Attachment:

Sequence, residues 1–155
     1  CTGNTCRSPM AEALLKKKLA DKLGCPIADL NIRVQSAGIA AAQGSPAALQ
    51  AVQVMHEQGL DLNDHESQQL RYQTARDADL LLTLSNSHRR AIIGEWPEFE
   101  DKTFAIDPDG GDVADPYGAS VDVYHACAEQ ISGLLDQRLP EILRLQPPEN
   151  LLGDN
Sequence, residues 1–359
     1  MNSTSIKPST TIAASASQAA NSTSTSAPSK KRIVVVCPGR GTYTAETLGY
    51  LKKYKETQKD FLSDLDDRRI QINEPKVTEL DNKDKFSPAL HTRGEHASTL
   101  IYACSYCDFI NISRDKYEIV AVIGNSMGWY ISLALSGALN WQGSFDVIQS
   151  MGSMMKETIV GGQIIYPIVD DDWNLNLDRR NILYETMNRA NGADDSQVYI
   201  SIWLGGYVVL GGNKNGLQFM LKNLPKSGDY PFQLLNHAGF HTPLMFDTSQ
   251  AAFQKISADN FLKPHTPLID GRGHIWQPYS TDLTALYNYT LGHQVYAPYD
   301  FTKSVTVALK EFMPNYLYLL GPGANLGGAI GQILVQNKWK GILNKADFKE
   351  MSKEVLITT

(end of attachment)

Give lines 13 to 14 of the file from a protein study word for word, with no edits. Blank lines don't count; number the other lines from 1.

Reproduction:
   301  FTKSVTVALK EFMPNYLYLL GPGANLGGAI GQILVQNKWK GILNKADFKE
   351  MSKEVLITT